‘ Under the heading “Ukraine: Thinking together” an international group of intellectuals will gather in Kyiv to demonstrate solidarity, meet their Ukrainian counterparts, and carry out a broad public discussion about the meaning of Ukrainian pluralism for the future of Europe, Russia, and the world. The discussions, taking place from 15 to 19 May, will feature some of Europe’s, America’s, Russia’s and Ukraine’s most interesting opinion makers and intellectuals, including Bernard-Henri Lévy, Slavenka Drakulic, Timothy Snyder, Mustafa Nayem, Serhii Leshchenko, Agnieszka Holland, Adam Michnik, Serhii Zhadan, Ivan Krastev, Wolf Biermann, Karl Schlögel and Bernard Kouchner.’


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Philip Stephens of The Financial Times on the politics that will seal the fate of Greece, a comment by Almost Marx

Mr. Stephens in his essay at The Financial Times titled ‘How politics will seal the fate of Greece’ seeks to explore the ‘political’ dimension of the Greek conundrum. The question might be posed as to how successful Mr. Stephens is  in his examination of that political dimension? First one might just observe that at The Economist of May 9,2015 , the FT’s sister publication, an essay was published by the title of ‘The sorry saga of Syriza’ with a sub-headline that tells the whole of Economist’s story: ‘In its first hundred days Greece’s government has dismally failed. A crunch looms’. Now in this essay there is some necessary scene setting at the Philhellenism exhibition at the B. & M. Theocharakis Foundation in Athens, with an all important mournful quote from Dimitra Varkarakis about the sad  state of Greek/German relations that has implications for the whole of Europe. Those Oxbridgers are nothing if not steeped in the  classics as re-imagined by generations of British Dons. The anonymous author takes the name of Charlemagne , the blog’s title. In the essay Charlemagne charges that Syriza’s  leadership are Coffee House Marxists who are incompetent governors and are wearing ideological blinkers . The concluding paragraph , awash in political melodrama, is worth quoting in full:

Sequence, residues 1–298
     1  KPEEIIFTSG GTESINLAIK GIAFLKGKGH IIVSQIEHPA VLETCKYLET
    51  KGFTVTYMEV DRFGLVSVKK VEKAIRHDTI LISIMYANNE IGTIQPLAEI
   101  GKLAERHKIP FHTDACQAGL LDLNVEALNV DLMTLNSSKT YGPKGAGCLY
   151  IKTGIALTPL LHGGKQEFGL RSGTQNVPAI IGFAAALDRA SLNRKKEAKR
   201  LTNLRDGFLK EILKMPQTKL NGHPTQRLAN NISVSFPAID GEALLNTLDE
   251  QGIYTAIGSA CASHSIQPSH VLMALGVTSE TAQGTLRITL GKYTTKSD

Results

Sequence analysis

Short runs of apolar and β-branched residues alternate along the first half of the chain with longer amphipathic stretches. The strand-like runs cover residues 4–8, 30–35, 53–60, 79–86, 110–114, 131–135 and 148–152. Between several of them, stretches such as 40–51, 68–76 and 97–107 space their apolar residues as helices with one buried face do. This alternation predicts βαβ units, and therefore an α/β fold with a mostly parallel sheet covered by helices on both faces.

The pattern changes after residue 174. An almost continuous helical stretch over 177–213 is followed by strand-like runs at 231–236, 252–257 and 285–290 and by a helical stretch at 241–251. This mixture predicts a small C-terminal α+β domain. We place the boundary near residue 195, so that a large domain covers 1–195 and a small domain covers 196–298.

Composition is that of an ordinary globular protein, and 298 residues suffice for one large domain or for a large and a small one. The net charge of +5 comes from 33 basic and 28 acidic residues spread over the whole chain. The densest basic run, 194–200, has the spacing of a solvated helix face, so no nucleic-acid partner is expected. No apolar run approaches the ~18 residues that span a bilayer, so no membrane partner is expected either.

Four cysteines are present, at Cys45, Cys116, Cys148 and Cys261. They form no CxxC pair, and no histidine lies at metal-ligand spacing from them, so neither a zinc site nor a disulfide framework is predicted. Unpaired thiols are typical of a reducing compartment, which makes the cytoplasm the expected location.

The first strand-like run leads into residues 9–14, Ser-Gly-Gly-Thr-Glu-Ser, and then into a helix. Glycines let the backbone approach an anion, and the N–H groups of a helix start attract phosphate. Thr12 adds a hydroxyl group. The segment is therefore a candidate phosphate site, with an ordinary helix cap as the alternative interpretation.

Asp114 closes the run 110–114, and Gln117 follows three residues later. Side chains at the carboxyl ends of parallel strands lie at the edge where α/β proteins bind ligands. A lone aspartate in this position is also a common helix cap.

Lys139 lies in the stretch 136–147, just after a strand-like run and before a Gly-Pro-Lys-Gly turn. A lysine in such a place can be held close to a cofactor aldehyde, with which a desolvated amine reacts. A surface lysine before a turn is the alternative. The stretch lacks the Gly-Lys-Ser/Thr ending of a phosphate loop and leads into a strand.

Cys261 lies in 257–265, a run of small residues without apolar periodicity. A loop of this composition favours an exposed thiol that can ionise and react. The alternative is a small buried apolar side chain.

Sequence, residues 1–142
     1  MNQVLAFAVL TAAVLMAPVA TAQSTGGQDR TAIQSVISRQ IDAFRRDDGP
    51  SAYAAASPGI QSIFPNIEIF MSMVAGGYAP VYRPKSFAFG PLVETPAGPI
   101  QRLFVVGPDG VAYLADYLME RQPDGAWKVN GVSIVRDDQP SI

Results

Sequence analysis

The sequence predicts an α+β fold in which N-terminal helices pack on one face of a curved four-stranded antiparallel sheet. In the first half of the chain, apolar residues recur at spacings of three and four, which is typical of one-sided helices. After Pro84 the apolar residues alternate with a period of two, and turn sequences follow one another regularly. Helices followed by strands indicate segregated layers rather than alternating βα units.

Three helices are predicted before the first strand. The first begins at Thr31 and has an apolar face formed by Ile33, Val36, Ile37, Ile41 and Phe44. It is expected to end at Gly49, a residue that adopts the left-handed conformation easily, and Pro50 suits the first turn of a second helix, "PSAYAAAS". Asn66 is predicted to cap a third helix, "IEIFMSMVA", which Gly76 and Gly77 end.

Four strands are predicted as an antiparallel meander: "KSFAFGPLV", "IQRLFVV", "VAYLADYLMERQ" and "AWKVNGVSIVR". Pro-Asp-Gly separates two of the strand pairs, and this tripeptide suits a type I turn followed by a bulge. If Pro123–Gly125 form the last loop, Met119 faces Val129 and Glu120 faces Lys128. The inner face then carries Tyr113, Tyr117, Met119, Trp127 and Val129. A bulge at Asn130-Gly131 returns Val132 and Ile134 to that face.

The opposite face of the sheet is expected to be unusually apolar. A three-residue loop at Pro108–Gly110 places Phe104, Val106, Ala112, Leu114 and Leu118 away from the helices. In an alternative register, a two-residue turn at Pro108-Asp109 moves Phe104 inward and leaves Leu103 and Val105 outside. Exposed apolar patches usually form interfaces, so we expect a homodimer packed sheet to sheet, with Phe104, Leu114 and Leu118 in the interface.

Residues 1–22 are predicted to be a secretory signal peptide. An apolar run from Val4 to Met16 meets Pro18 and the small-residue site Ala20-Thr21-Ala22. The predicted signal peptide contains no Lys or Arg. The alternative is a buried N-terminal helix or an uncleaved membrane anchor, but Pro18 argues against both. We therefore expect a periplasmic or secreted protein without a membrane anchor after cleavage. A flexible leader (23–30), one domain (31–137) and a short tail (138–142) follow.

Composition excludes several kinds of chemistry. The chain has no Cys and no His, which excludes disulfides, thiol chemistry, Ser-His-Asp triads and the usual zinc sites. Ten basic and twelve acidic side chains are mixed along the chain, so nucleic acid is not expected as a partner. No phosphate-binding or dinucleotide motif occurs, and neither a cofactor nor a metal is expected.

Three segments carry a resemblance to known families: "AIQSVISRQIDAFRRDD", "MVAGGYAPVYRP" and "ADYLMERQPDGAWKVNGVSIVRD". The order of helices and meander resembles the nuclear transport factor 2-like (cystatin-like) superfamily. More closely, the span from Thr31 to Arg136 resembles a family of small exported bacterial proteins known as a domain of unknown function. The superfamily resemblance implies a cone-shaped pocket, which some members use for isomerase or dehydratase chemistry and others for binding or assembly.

In almost every way, Syriza has brought the opposite of what it promised. It vowed an end to depression in Greece. Instead, growth has slumped. It pledged to end austerity politics in Europe, but has done more to embolden its advocates than any German could have hoped. It promised to jettison the bad habits of old parties, and seems instead to have acquired them. Back at the Athens museum, perusing a catalogue of his Philhellenic collection, Mr Varkarakis is downbeat. “Two hundred years ago, everyone loved Greece,” he says. “Now…” His voice trails off.

What then Of Mr. Stephens politics ‘that will seal the fate of Greece’? The sub-headline answers that question, cannily embedded in New Cold War rhetoric: ‘Can Europe really allow Athens to fall into the arms of Moscow?’ Mr. Stephens contribution to the Greek Conundrum is to call Syriza leadership ‘ bungling amateurs’, ‘ preening’, ‘pirouetting’,  ‘undergraduate Marxists’, and even hints at narcissism. Yet Mr. Stephens reserves his withering contempt for the ‘real hardliners’ in Madrid, Lisbon and Dublin, forgetting the triumph of SNP in the British elections.  SNP surely qualifies as ‘hardliners’ and ‘populist’,  and just as subversive of the E.U. and by implication the IMF and it’s prescription of Austerity.  The Neo-Liberalism that has ruled the politics of the West since the rise of  Thatcher and Reagan is now under serious threat, from the ‘hardliners’ and ‘populists’, not to speak of social democratic intellectuals like Piketty, Stiglitz and Krugman or the power of Occupy Wall Street that utterly changed the economic conversation.

Almost Marx

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The Economist on ‘America’s Division on Foreign Trade’ and other fictions: a comment by Political Observer

A ‘Trade Deal’ that is a complete secret, it is a classified document and the only things we know about it are from leaks. But we do know that it’s known provisions surrender our ability to call ourselves a democracy,a nation of laws, that we make to govern ourselves. That we should sacrifice our sovereignty for an unknown, that is supposed to give us some trade advantage, in theory, is too much. If the president is interested in a true debate then let him publish the agreement, so we as citizens may review all of it’s provisions and have a debate about the consequences of a yes or a no vote. It’s really very simple, does the president have a demonstrable faith in our democracy or not?
The Economist gives the game away with the headline ‘Toying with a poorer world’ and it’s sub headline, ‘A Democratic revolt exposes a party deeply divided by foreign trade’, not speak of the opening paragraph:

A SEEMINGLY arcane dispute about how to strengthen America’s hand in foreign trade talks—which for 24 hours this week saw Senate Democrats block debate on a negotiating tool sought by Barack Obama—has exposed just how deeply the Democratic Party is divided by global commerce, and whether it is a threat or an opportunity for American workers.